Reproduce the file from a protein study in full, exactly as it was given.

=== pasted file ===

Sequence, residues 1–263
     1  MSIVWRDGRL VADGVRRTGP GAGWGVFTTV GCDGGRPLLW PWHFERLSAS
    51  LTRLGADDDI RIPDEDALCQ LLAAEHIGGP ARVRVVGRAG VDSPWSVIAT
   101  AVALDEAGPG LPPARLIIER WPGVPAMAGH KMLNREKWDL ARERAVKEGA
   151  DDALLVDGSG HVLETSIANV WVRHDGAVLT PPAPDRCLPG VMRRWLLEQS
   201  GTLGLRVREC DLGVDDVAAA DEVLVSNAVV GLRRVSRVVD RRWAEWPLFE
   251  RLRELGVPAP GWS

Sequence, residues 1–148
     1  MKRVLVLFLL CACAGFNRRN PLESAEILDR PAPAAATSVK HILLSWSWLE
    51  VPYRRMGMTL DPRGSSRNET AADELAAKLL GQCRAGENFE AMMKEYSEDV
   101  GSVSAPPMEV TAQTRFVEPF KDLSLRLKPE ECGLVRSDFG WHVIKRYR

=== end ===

Sequence, residues 1–263
     1  MSIVWRDGRL VADGVRRTGP GAGWGVFTTV GCDGGRPLLW PWHFERLSAS
    51  LTRLGADDDI RIPDEDALCQ LLAAEHIGGP ARVRVVGRAG VDSPWSVIAT
   101  AVALDEAGPG LPPARLIIER WPGVPAMAGH KMLNREKWDL ARERAVKEGA
   151  DDALLVDGSG HVLETSIANV WVRHDGAVLT PPAPDRCLPG VMRRWLLEQS
   201  GTLGLRVREC DLGVDDVAAA DEVLVSNAVV GLRRVSRVVD RRWAEWPLFE
   251  RLRELGVPAP GWS

Sequence, residues 1–148
     1  MKRVLVLFLL CACAGFNRRN PLESAEILDR PAPAAATSVK HILLSWSWLE
    51  VPYRRMGMTL DPRGSSRNET AADELAAKLL GQCRAGENFE AMMKEYSEDV
   101  GSVSAPPMEV TAQTRFVEPF KDLSLRLKPE ECGLVRSDFG WHVIKRYR